[Ho Chi Minh City] JUST months after Vietnam reopened to international visitors, some Singapore companies are wasting no time heading to the South-east Asian country in search of opportunities, in areas from tech to lifestyle.
Emile Dumont, founder and chief executive of sports massage studio The Posture Lab, said that Vietnam has a growing fitness and wellness trend, but a lack of proper accreditation for trainers. This gap is what The Posture Lab, which also runs an academy, hopes to fill.
"That's why we actually want to come in with that first-mover advantage to build up that whole ecosystem aspect, before we actually build or develop even just gym management or setting up gyms," he explained.
The plan is to work with universities to offer internationally-accredited fitness and wellness courses. This also creates a pipeline of manpower for when the business is ready to scale, Dumont told The Business Times (BT).
To get a head start on these plans, the company participated in the Global Innovation Alliance (GIA) accelerator programme in Vietnam in August.
Formed by a partnership between Enterprise Singapore (EnterpriseSG) and venture capital firm Quest Ventures, the programme is curated for "high-potential" startups and companies, with masterclasses, market immersion programmes and ongoing mentorship.
Earlier batches did not get to visit Vietnam as borders were closed due to the Covid-19 pandemic. But now that borders have reopened, Quest Ventures said that new applications for this fifth edition were up 14 per cent compared to the previous run, despite a shorter application window.
Only 5 companies were ultimately chosen for the programme, which took them to Hanoi and Ho Chi Minh City over 5 days jam-packed with networking events and meals with potential partners and investors, as well as meetings with mentors.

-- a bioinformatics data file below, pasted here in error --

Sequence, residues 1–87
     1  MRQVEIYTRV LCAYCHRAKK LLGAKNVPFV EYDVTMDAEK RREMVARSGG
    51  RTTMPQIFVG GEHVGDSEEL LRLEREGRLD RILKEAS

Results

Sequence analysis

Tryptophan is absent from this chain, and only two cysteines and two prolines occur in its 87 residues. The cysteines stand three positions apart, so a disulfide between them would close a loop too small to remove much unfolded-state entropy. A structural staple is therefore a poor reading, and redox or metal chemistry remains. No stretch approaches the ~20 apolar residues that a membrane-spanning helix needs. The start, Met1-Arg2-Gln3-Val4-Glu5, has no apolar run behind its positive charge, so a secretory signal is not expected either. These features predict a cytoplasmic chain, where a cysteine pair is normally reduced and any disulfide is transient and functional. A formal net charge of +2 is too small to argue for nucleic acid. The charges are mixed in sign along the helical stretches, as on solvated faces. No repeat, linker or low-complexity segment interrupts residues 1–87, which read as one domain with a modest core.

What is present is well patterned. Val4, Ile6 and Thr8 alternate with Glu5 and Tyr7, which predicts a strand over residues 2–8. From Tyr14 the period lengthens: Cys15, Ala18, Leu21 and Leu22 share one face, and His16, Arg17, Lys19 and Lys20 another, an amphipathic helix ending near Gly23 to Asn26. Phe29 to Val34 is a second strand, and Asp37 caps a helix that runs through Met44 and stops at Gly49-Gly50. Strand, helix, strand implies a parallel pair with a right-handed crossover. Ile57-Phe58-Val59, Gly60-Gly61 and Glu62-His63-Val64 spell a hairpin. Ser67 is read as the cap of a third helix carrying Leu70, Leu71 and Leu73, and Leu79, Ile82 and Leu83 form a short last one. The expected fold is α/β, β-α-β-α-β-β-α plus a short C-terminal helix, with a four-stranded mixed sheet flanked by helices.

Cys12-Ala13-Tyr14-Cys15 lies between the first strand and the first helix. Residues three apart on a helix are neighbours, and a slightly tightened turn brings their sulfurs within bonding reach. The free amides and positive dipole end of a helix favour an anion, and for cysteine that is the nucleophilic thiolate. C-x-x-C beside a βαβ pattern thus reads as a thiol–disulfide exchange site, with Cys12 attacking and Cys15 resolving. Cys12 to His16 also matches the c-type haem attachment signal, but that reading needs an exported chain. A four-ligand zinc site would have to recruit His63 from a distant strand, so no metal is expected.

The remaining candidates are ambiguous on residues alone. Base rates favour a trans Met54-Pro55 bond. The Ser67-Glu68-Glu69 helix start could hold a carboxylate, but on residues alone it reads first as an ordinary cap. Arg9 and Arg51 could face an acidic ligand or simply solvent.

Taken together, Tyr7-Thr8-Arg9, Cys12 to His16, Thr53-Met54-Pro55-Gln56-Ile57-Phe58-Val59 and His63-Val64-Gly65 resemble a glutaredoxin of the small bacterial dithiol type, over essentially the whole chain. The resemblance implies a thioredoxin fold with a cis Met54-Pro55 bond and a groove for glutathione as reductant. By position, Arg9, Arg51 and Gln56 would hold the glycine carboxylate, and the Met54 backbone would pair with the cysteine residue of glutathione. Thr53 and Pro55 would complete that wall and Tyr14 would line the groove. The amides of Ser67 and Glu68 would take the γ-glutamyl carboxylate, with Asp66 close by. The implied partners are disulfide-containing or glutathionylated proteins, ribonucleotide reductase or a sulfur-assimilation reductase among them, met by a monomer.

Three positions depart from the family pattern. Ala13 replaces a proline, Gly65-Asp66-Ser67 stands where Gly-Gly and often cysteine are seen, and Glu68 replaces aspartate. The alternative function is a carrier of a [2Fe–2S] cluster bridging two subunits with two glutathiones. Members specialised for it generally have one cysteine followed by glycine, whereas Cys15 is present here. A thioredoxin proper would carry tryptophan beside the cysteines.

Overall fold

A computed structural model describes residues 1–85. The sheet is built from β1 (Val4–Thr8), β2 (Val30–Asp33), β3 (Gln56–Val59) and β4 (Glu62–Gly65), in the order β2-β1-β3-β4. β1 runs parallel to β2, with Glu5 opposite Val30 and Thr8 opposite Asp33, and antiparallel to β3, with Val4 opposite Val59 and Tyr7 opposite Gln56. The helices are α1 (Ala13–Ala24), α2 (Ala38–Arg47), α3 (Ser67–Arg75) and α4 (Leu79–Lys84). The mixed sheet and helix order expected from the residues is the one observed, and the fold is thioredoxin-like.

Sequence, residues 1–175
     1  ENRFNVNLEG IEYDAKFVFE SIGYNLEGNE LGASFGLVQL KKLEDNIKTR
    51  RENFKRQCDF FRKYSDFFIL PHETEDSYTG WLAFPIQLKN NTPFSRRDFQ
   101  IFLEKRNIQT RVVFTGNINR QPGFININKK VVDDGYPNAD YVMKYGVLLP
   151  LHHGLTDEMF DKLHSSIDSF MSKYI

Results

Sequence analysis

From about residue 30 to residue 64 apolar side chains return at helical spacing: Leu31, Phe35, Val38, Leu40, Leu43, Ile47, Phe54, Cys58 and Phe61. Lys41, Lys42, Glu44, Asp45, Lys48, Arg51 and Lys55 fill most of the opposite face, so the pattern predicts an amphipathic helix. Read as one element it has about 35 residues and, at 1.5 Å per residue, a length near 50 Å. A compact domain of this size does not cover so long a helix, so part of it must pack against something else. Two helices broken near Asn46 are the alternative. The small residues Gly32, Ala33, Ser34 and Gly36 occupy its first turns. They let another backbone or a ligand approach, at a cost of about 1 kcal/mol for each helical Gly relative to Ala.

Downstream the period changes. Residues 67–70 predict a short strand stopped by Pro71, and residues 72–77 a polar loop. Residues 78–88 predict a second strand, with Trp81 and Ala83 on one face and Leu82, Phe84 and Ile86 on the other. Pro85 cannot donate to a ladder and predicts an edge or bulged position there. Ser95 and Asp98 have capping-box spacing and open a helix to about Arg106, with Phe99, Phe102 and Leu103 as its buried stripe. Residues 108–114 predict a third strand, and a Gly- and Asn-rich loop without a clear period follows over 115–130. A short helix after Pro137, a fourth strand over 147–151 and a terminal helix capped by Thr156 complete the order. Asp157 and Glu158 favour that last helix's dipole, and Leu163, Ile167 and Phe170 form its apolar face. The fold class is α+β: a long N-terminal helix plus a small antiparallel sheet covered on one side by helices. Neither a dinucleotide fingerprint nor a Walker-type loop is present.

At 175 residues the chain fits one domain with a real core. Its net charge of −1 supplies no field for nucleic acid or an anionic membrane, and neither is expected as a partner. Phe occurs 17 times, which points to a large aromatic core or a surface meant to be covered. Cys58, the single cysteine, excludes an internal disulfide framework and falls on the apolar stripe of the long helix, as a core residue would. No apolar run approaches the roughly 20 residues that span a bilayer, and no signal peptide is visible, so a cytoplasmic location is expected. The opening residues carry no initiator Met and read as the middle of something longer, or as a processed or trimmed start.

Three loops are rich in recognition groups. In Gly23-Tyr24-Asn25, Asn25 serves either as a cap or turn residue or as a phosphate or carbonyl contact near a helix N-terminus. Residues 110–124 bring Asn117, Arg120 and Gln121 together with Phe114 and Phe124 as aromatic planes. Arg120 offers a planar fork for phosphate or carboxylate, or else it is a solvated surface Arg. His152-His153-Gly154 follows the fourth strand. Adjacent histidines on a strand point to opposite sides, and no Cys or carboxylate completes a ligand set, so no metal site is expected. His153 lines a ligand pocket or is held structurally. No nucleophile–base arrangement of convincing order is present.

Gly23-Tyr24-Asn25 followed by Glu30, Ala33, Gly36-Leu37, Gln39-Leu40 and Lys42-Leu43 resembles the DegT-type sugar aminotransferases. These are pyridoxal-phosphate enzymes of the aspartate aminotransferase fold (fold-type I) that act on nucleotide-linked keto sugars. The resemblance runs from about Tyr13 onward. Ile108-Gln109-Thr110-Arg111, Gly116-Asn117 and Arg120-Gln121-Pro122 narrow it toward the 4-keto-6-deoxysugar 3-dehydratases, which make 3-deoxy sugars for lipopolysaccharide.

Describing the experience as "amazing", Dr Tan Yeow Kee, founder and CEO of fall detection startup SoundEye, said he found 2 partners during the trip. One of them is Canon Vietnam, with which Dr Tan had already been in contact prior to the trip.
"Before I came, I already started to look for partners, otherwise it's going to be a bit tough. So I think a few steps ahead," he said. He plans to return to Hanoi this month to meet a customer.
Since 2020, 45 Singapore-based startups, including the latest cohort, have participated in the Vietnam GIA programme.
Kow Juan Tiang, executive director for South-east Asia at EnterpriseSG, said 3 startups have since set up a presence in Vietnam, while more than 10 are in discussions with potential partners on possible project collaborations.
Beyond the GIA, companies can tap schemes such as the Market Readiness Assistance grant, which provides support for overseas set-up, business matching and market promotion. Businesses can also apply for the Enterprise Development Grant to increase their in-market competitiveness.
EnterpriseSG also has 36 global overseas centres to help companies navigate foreign markets. In Vietnam, these are in Hanoi and Ho Chi Minh City.
Nguyen Phi Van, chair of Vietnamese government-backed Saigon Innovation Hub, credits the good inter-government partnership for many Singapore companies' interest in Vietnam.
"Singapore has always been one of the strongest partners of Vietnam pre- and post-pandemic. After the pandemic, the first 10 delegations I receive in Vietnam are all Singaporeans," she said with amusement.
Singapore companies' appetite for the Vietnam market can also be seen in the flows of capital into the country.
Singapore was Vietnam's top foreign investor for the second straight year in 2021, and still holds the pole position for the first half of 2022 with direct investment contributions totalling S$4.1 billion, according to Vietnam's Ministry of Planning and Investment.